Input to functions and methods

Let the client decide when to copy and where to place data. [FIXME: needs RFC]



fn main() { fn foo(b: Bar) { // use b as owned, directly } }
fn foo(b: Bar) {
   // use b as owned, directly


fn main() { fn foo(b: &Bar) { let b = b.clone(); // use b as owned after cloning } }
fn foo(b: &Bar) {
    let b = b.clone();
    // use b as owned after cloning

If a function requires ownership of a value of unknown type T, but does not otherwise need to make copies, the function should take ownership of the argument (pass by value T) rather than using .clone(). That way, the caller can decide whether to relinquish ownership or to clone.

Similarly, the Copy trait bound should only be demanded it when absolutely needed, not as a way of signaling that copies should be cheap to make.



fn main() { fn foo(b: Bar) -> Bar { ... } }
fn foo(b: Bar) -> Bar { ... }


fn main() { fn foo(b: Box<Bar>) -> Box<Bar> { ... } }
fn foo(b: Box<Bar>) -> Box<Bar> { ... }

for concrete types Bar (as opposed to trait objects). This way, the caller can decide whether to place data on the stack or heap. No overhead is imposed by letting the caller determine the placement.

Minimize assumptions about parameters. [FIXME: needs RFC]

The fewer assumptions a function makes about its inputs, the more widely usable it becomes.

Minimizing assumptions through generics:


fn main() { fn foo<T: Iterator<int>>(c: T) { ... } }
fn foo<T: Iterator<int>>(c: T) { ... }

over any of

fn main() { fn foo(c: &[int]) { ... } fn foo(c: &Vec<int>) { ... } fn foo(c: &SomeOtherCollection<int>) { ... } }
fn foo(c: &[int]) { ... }
fn foo(c: &Vec<int>) { ... }
fn foo(c: &SomeOtherCollection<int>) { ... }

if the function only needs to iterate over the data.

More generally, consider using generics to pinpoint the assumptions a function needs to make about its arguments.

On the other hand, generics can make it more difficult to read and understand a function's signature. Aim for "natural" parameter types that a neither overly concrete nor overly abstract. See the discussion on traits for more guidance.

Minimizing ownership assumptions:

Prefer either of

fn main() { fn foo(b: &Bar) { ... } fn foo(b: &mut Bar) { ... } }
fn foo(b: &Bar) { ... }
fn foo(b: &mut Bar) { ... }


fn main() { fn foo(b: Bar) { ... } }
fn foo(b: Bar) { ... }

That is, prefer borrowing arguments rather than transferring ownership, unless ownership is actually needed.

Prefer compound return types to out-parameters. [FIXME: needs RFC]


fn main() { fn foo() -> (Bar, Bar) }
fn foo() -> (Bar, Bar)


fn main() { fn foo(output: &mut Bar) -> Bar }
fn foo(output: &mut Bar) -> Bar

for returning multiple Bar values.

Compound return types like tuples and structs are efficiently compiled and do not require heap allocation. If a function needs to return multiple values, it should do so via one of these types.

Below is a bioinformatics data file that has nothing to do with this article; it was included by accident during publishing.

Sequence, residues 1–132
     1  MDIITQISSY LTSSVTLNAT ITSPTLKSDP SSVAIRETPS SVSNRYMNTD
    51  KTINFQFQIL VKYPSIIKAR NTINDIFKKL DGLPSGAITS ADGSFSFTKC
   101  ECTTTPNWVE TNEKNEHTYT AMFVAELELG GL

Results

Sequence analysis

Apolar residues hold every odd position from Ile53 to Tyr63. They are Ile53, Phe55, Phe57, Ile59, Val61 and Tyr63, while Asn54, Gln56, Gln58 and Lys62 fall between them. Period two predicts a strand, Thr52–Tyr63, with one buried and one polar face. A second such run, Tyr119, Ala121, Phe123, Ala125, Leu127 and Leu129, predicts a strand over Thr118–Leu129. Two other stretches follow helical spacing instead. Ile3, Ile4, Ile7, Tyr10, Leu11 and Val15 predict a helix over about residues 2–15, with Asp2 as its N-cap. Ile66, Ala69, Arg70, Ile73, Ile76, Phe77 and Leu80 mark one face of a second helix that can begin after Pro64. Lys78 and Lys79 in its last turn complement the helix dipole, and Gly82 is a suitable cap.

The primary exception: sometimes a function is meant to modify data that the caller already owns, for example to re-use a buffer:

fn main() { fn read(&mut self, buf: &mut [u8]) -> IoResult<uint> }
fn read(&mut self, buf: &mut [u8]) -> IoResult<uint>

(From the Reader trait.)

Consider validating arguments, statically or dynamically. [FIXME: needs RFC]

Note: this material is closely related to library-level guarantees.

Rust APIs do not generally follow the robustness principle: "be conservative in what you send; be liberal in what you accept".

Instead, Rust code should enforce the validity of input whenever practical.

Enforcement can be achieved through the following mechanisms (listed in order of preference).

Static enforcement:

Choose an argument type that rules out bad inputs.

For example, prefer

fn main() { fn foo(a: ascii::Ascii) { ... } }
fn foo(a: ascii::Ascii) { ... }


fn main() { fn foo(a: u8) { ... } }
fn foo(a: u8) { ... }

Note that ascii::Ascii is a wrapper around u8 that guarantees the highest bit is zero; see newtype patterns for more details on creating typesafe wrappers.

Static enforcement usually comes at little run-time cost: it pushes the costs to the boundaries (e.g. when a u8 is first converted into an Ascii). It also catches bugs early, during compilation, rather than through run-time failures.

On the other hand, some properties are difficult or impossible to express using types.

Dynamic enforcement:

Validate the input as it is processed (or ahead of time, if necessary). Dynamic checking is often easier to implement than static checking, but has several downsides:

  1. Runtime overhead (unless checking can be done as part of processing the input).
  2. Delayed detection of bugs.
  3. Introduces failure cases, either via fail! or Result/Option types (see the error handling guidelines), which must then be dealt with by client code.

Dynamic enforcement with debug_assert!:

Same as dynamic enforcement, but with the possibility of easily turning off expensive checks for production builds.

Dynamic enforcement with opt-out:

Same as dynamic enforcement, but adds sibling functions that opt out of the checking.

The convention is to mark these opt-out functions with a suffix like _unchecked or by placing them in a raw submodule.

The unchecked functions can be used judiciously in cases where (1) performance dictates avoiding checks and (2) the client is otherwise confident that the inputs are valid.

[FIXME] Should opt-out functions be marked unsafe?